The big one, the one that may seem impossible to some step parents. My stepdad is not actually my stepdad, but rather my dad. I will never have enough words to explain how grateful I am for this man, which is why I am attempting to write this right now. It takes a special kind of human to love another as if they are their own. There had never been times where I didn't think that my dad wouldn't be there for me. It was like I always knew he would be. He introduces me as his daughter, and he is my dad. I wouldn't have it any other way. You were able to show me what family is.

So, dad... thanks. Thanks for being you. Thanks for being awesome. Thanks for being strong. Thanks for loving me. Thanks for loving my mom. Thanks for giving me a wonderful little sister. Thanks for being someone that I can count on. Thanks for being my dad.

I love you!

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An Incurable Disease Doesn't Change The Love I Have For You

Because one day the one you love the most is fine and the next day they're not, it causes devastation you never truly recover from.

nadoty
nadoty
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Loving someone with an incurable disease is the most emotionally straining thing I have ever experienced.

My significant other and I have been together for almost six years. During the summer of 2018, we all noticed the significant changes he was going through. He had lost around fifty pounds and had a lack of appetite. We had figured something was going on, however, we didn't realize it was anything serious.

Fast forward to the Fall semester of 2018. I had visited my boyfriend and we had expressed certain concerns, such as, through the night I would try and get him to stop uncontrollably itching his legs to the point of bleeding, or that he was looking a little yellow and was exhausted all the time. After seeing his sister in November, while I was at school, she pleaded with him to go to urgent care because he did not look good. He was yellow, exhausted, and very sickly looking. We didn't realize that the urgent care visit would be the precedent of the rest of our lives.

After coming home for Thanksgiving and spending a week straight in the hospital with him, it finally set in that something was not right. Between all the vomit, getting moved for testing, the weakness, the constant calling for medications because the pain was so severe, and the almost month-long stay in the hospital, it hit me full force that something was really wrong. Words will never truly describe the emotions I was feeling, or the burden of my thoughts that I felt were too selfish to pass on anyone, so I kept them to myself.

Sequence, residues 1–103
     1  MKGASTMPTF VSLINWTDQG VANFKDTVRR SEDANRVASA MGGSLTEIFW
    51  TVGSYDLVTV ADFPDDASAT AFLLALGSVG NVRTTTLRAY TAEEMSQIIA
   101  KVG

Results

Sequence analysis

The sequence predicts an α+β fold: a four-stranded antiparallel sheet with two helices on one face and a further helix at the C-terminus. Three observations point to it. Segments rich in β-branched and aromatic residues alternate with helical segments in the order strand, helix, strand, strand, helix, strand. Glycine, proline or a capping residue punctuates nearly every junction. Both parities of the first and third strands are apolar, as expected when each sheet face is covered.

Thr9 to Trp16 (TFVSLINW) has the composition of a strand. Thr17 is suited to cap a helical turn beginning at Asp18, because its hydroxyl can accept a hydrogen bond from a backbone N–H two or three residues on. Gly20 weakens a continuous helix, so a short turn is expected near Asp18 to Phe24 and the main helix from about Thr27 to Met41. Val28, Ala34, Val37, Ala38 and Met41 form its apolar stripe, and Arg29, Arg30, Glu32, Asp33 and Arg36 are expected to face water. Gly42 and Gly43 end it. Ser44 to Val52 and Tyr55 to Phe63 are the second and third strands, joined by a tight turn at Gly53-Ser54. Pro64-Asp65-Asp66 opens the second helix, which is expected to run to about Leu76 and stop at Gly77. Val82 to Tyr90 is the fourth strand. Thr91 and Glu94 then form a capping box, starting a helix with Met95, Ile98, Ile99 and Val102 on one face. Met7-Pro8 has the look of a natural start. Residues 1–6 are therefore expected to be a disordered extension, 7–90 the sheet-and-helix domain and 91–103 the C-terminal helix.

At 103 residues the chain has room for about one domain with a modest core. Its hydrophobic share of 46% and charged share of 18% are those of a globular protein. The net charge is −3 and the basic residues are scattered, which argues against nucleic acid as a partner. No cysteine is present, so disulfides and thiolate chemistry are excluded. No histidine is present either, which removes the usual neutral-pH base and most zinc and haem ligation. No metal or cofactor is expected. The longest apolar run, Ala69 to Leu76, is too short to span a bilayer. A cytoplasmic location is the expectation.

When we finally got the diagnosis, we were surprised. PSC, otherwise known as Primary Sclerosing Cholangitis, is an incurable liver disease that affects the bile ducts which become scarred and inflamed, more likely than not lead to cirrhosis and an inevitable transplant. There was no cure, rather the only solution was a liver transplant, and even then the disease can be recurring.

I was thinking selfishly. I was torn in two. What would our future look like? Could we have children? Could we ever do the things we used to?

Loving someone with an incurable disease is a mix of emotions. There is a constant fear in the back of my mind that he is going to wake up in intense pain and have to be rushed to the hospital. There is a constant fear of every time waiting for the bi-weekly blood test results to come back, in fear that his Bilirubin spiked again or he is undergoing a flare up and needs to be hospitalized. There is a constant anxiety that one day he's going to be fine, and the next day he won't be. Even the simple things, such as laying beside one another, was a constant fear I had, due to the pain he was in every day. What if I hit him in my sleep on accident? What if I accidentally hugged a little too tightly and caused him pain?

Loving someone with an incurable disease can be a fluctuation of emotions, however, he makes it worth it.

nadoty
nadoty